Wednesday morning, legendary NFL quarterback Tom Brady officially announced his retirement. Though we have done this dance once already, it seems as if Brady is hanging up his cleats for good and calling it a career. He’s adamant that it’s for real this time. For those who don’t recall, it was around a year ago today when Brady announced that he was retiring from the NFL for the first time.
But that all changed quickly. Within a month, Brady announced that he was back and ready to take another run at the Super Bowl. The season didn’t exactly go as he had hoped as the Buccaneers went just 8-9, though still managing to capture the NFC South title.
Brady put out a video on his personal Twitter account to confirm his second retirement. In it, he not only announced his official retirement from the NFL, but thanked the fans as well. It seems safe to say that he won’t come out of retirement a second time, which leaves plenty of time to reflect on his impact on the game.
Where he may have gone if he continued playing
Before we take a look back – all the way back – let’s take a look forward. A look forward from a day ago and the perspective it offered. As a matter of fact, speculation was running rampant about where Brady would end up playing next season and which team’s Super Bowl odds he could elevate.
Why Tampa wasn’t likely
It has been no secret that Brady was frustrated with the situation in Tampa Bay. The offence, which has been one of the best in the NFL the last two years, looked like a shell of its former self. The running game disappeared (though it was never a strength) and even the vaunted receiver corps was nowhere near the same as it had been.
The worst of it seemed to be the offensive line. Inconsistent play and injuries left Brady facing a pass rush more often than any quarterback would enjoy. There was no shortage of scenes where a frustrated Brady was angrily chewing out his offensive line.
At 45 years of age, Brady has had his fill of being hit. With Super Bowl aspirations in mind, it became obvious to most that this wasn’t the Bucs team that we had become familiar with. Brady’s departure seemed all but certain well before the season came to a close with a Wild Card loss to the Dallas Cowboys.
Brady’s most likely destinations
Though teams like the Miami Dolphins and Las Vegas Raiders looked to be the most ideal landing spots, it was the result of the NFC Championship game that really swung the odds – quite literally.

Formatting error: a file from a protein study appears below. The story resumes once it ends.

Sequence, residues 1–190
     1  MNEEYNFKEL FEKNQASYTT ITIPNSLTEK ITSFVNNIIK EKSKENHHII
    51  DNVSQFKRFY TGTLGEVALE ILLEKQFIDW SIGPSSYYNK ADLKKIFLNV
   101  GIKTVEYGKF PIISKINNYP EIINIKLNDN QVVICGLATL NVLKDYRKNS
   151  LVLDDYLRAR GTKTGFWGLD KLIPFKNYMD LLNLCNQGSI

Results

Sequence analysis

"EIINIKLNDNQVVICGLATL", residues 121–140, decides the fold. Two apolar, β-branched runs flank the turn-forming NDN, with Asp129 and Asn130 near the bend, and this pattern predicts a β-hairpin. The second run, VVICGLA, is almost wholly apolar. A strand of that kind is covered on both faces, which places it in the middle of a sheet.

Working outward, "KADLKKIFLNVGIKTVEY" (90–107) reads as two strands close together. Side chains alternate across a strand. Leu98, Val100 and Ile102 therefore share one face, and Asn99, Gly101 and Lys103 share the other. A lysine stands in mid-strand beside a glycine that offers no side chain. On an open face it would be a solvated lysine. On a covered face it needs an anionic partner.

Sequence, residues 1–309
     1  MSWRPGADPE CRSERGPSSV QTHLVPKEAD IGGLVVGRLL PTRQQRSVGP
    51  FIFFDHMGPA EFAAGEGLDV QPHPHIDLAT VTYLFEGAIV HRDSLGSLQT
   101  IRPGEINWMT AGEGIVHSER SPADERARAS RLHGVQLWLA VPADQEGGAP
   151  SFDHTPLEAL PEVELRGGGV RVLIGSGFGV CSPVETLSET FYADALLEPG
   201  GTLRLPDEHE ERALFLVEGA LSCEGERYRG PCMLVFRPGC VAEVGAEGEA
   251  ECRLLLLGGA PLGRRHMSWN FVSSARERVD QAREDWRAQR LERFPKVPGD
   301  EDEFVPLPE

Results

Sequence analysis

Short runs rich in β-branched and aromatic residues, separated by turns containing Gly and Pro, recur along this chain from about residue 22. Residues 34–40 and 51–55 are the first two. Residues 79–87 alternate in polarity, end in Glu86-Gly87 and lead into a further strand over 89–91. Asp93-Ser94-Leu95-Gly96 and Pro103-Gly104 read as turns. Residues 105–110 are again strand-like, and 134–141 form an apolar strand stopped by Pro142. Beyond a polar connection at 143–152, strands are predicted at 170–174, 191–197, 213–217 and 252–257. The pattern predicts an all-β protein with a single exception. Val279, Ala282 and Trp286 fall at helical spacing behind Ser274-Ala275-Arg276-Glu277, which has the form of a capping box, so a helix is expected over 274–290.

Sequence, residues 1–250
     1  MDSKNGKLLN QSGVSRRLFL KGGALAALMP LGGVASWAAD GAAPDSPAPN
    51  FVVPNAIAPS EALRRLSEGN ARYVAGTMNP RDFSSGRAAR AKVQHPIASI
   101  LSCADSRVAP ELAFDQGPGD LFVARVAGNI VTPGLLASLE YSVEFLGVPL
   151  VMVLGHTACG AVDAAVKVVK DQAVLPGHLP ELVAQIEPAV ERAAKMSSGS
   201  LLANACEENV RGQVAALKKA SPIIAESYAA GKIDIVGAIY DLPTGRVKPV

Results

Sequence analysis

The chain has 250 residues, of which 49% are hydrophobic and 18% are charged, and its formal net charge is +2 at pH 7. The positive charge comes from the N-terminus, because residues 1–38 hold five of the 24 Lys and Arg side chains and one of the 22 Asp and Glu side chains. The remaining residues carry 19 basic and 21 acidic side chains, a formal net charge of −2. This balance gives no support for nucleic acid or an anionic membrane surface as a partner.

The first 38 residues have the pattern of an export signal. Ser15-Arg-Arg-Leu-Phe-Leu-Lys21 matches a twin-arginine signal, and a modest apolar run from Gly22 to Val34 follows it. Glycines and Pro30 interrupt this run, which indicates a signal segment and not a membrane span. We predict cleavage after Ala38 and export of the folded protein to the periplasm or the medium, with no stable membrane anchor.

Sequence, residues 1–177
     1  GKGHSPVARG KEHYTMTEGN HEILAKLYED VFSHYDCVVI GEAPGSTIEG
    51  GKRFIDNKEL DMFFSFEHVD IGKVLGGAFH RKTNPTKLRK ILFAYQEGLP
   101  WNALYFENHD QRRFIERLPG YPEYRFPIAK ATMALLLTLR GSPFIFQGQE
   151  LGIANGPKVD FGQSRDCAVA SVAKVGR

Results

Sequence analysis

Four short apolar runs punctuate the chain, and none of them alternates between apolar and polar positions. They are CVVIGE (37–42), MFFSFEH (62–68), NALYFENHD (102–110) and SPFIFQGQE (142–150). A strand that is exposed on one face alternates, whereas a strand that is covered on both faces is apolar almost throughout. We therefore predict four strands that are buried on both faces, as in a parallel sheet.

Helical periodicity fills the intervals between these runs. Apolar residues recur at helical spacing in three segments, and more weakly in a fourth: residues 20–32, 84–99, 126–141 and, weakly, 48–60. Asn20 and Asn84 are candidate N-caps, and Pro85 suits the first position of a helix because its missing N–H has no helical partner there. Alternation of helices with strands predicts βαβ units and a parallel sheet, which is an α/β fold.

With the defeat of the San Francisco 49ers at the hands of the Philadelphia Eagles, Brady speculation rose to a fever pitch. Injuries to Mr. Irrelevant Brock Purdy and fourth-string quarterback Josh Johnson left San Francisco with no answers at the position. Rumours swirled and the odds swung from +500 to +150 of Brady landing in San Francisco in the offseason.
Given how successful the team has been and its current construction, everyone would argue that a legitimate threat at quarterback could take San Francisco to the next level. Unfortunately for the 49ers, Brady never gave them much of a chance to consider the options.
It’s interesting to think what the acquisition of the seven-time Super Bowl winner would have done for the franchise that landed him, both on the field and at the sportsbooks. Adding Brady to a roster like Miami or San Francisco would have no doubt propelled either team to the top of the futures odds list heading into the 2023 season.
Brady through a betting lens
Brady’s resume is even more ridiculous than many of us would think off the top of the mind. Brady was a five-time Super Bowl MVP with seven total wins in the big game. He was a three-time AP NFL MVP (2007, 2010, 2017). He was Offensive Player of the Year three times as well. A trio of All-Pro selections and 15 Pro Bowl appearances are just another point on his resume.
He currently ranks first all-time in seven different categories: wins (251), Pro Bowls (15), Super Bowl MVPs (5), completions (7,753), attempts (12,050), passing yards (89,214), and passing touchdowns (649). He also has 10 different postseason records including Super Bowl appearances (10), Super Bowl wins (7), passing yards (13,400), passing touchdowns (88), and fourth-quarter comebacks (9).
To say that Brady has done it all would be putting it lightly. We know how great he has been on the field but what about his impact on betting slips? The numbers are just as ridiculous when you get down to it. His total record against the spread finished at 215-158-8, giving him a nearly 60% cover rate.
Here are just a few cool tidbits about how dominant Brady was during his career, especially from a betting perspective:
- The single largest payout involving Brady came during his first season as a starter in 2001. Preseason odds on the New England Patriots were 60-to-1 in 2001 and we all know how that ended.
- Being an underdog wasn’t really Brady’s style. When he was an underdog, however, Brady was dominant going 41-17-2 ATS.
- In the last six seasons, Brady was only an underdog 11 times total. That is less than twice per year that his team was not favoured.
The last word on Brady
For now, there will be a lot of reminiscing about Brady’s incredible career. There has been no one like him and likely won’t be again. He has put up numbers that were only previously imaginable in a Madden franchise.
Brady will get a chance to truly enjoy his retirement this time – at least for now. The rumour that has been going around for a long time is that Brady would have a big announcing contract waiting for him the second he retires. It may not happen this time but it shouldn’t be very long before we see Tom Brady on our television screens again every Sunday.